CatalanEdit

VerbEdit

  1. first-person singular present indicative form of saber

GalicianEdit

IrishEdit

PronunciationEdit

Etymology 1Edit

From Middle Irish , from Old Irish é.

PronounEdit

‎(3d sing. masc. conjunctive)

  1. he; (referring to a masculine noun) it
See alsoEdit

Etymology 2Edit

From Old Irish , from Proto-Celtic *swexs, from Proto-Indo-European *swéḱs. Compare Scottish Gaelic sia, Manx shey.

NumeralEdit

  1. six
Usage notesEdit

Can be followed by either the singular or the plural form of the noun it modifies. Triggers lenition of a following singular noun. Prefixes h- to a following vowel-initial plural noun.

Derived termsEdit
Related termsEdit
  • seisear (used to modify nouns referring to human beings)

MutationEdit

Irish mutation
Radical Lenition Eclipsis
shé
after "an", tsé
unchanged
Note: Some of these forms may be hypothetical. Not every
possible mutated form of every word actually occurs.

ReferencesEdit

  • "" in Foclóir Gaeilge-Béarla, An Gúm, 1977, by Niall Ó Dónaill.
  • 1 sé” in Dictionary of the Irish Language, Royal Irish Academy, 1913–76.
  • 2 sé” in Dictionary of the Irish Language, Royal Irish Academy, 1913–76.

ItalianEdit

EtymologyEdit

From Latin .

PronounEdit

  1. oneself, himself, herself

Derived termsEdit

Usage notesEdit

  • Becomes se when in combination with verbs or other pronouns.
  • Becomes si when part of a reflexive verb.

LadinEdit

NormanEdit

Etymology 1Edit

From Latin siccus, from Proto-Indo-European *seyk-.

AdjectiveEdit

m (f sècque, m plural sés, f plural sècques)

  1. (Jersey) dry
Alternative formsEdit
Derived termsEdit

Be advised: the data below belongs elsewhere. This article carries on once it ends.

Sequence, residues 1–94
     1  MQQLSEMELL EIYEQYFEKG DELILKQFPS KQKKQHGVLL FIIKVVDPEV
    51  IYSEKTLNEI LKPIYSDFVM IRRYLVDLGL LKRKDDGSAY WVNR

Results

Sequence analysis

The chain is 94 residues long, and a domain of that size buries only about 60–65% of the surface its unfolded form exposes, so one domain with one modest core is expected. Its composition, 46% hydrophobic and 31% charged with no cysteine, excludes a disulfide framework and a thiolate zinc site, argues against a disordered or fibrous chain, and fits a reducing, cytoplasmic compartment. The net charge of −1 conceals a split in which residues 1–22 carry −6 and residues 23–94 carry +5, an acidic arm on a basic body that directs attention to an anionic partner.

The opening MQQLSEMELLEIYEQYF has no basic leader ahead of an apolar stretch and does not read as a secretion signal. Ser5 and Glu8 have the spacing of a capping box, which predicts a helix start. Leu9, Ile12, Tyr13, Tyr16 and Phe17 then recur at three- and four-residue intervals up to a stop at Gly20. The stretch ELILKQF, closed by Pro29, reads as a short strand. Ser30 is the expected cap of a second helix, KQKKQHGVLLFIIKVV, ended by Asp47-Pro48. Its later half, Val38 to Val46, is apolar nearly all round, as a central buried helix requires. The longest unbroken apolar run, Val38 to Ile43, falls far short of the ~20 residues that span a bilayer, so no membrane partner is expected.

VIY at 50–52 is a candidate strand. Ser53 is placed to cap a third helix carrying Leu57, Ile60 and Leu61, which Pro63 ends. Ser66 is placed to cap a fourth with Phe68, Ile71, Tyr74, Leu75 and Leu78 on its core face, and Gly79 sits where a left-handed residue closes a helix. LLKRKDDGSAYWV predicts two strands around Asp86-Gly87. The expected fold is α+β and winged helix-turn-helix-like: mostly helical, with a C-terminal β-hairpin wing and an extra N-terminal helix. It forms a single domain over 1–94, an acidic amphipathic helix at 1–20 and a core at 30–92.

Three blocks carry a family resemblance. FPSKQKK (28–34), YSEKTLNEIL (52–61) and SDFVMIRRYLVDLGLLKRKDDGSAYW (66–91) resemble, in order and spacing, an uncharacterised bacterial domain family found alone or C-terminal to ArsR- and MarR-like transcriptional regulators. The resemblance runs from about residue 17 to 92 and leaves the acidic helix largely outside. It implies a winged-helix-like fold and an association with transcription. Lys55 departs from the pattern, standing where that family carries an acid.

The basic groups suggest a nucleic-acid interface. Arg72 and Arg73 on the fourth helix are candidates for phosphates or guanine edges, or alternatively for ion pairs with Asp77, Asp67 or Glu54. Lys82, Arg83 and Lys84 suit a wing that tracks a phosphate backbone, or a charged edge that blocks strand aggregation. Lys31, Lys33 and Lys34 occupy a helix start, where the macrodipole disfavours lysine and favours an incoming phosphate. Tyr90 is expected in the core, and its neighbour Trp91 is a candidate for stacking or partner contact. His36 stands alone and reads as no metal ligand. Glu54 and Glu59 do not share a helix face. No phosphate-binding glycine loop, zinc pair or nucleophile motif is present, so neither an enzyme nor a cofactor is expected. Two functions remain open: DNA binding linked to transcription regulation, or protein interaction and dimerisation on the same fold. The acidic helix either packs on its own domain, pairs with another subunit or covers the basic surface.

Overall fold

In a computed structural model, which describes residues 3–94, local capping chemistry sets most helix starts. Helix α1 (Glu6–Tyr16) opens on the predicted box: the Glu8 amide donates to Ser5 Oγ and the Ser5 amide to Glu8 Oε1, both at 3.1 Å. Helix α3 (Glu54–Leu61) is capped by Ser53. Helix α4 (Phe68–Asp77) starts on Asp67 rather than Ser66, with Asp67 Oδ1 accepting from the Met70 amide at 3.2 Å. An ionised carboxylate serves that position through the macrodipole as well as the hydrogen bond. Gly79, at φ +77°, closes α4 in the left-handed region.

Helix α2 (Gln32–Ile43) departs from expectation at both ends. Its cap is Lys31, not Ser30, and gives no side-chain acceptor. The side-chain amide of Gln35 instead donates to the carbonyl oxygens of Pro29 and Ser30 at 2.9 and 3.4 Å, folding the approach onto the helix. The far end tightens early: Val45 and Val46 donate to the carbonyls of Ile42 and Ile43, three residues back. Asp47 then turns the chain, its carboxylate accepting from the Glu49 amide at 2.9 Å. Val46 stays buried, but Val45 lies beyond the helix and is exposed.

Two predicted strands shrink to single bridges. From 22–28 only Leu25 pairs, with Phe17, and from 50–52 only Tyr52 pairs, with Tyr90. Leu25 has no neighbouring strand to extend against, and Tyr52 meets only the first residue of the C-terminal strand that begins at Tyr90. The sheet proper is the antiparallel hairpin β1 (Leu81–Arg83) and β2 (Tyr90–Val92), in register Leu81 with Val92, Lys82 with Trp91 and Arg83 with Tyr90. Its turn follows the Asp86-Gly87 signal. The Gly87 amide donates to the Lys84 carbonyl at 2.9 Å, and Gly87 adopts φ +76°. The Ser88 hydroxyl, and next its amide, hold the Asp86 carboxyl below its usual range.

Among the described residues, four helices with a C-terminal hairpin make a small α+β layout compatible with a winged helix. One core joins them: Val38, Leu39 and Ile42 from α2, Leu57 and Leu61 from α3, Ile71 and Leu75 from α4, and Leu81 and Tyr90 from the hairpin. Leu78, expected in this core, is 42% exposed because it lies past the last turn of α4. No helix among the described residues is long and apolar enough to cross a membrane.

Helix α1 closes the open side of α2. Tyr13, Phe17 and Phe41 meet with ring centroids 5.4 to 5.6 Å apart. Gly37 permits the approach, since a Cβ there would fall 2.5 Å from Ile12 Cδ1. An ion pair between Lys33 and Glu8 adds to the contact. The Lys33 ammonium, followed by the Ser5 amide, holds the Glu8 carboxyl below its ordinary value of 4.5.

Etymology 2Edit

From Old French seir, soir, from Latin sērō ‎(at a late hour, late), from sērus ‎(late).

NounEdit

 m ‎(plural sés)

  1. (Jersey) evening
Alternative formsEdit

Etymology 3Edit

From Old French sel, from Latin sāl.

NounEdit

 m ‎(plural sés)

  1. (Jersey) salt
Alternative formsEdit

PortugueseEdit

EtymologyEdit

From Old Portuguese see, from Latin sēdēs ‎(seat), from sedeō ‎(I sit), from Proto-Indo-European *sed- ‎(to sit).

PronunciationEdit

NounEdit

f (plural sés)

  1. (Roman Catholicism) see (the cathedral and region under the jurisdiction of a bishop)

Derived termsEdit

See alsoEdit


SpanishEdit

PronunciationEdit

Etymology 1Edit

See saber

VerbEdit

  1. First-person singular (yo) present indicative form of saber.
    No . — “I do not know.”

Etymology 2Edit

See ser

VerbEdit

  1. Informal second-person singular () affirmative imperative form of ser.

Etymology 3Edit

See

InterjectionEdit

  1. (colloquial, Chile) yes

Sranan TongoEdit

EtymologyEdit

From Dutch zee.

NounEdit

  1. sea

WalloonEdit

EtymologyEdit

From Latin sāl, salem.

NounEdit

 ?

  1. salt
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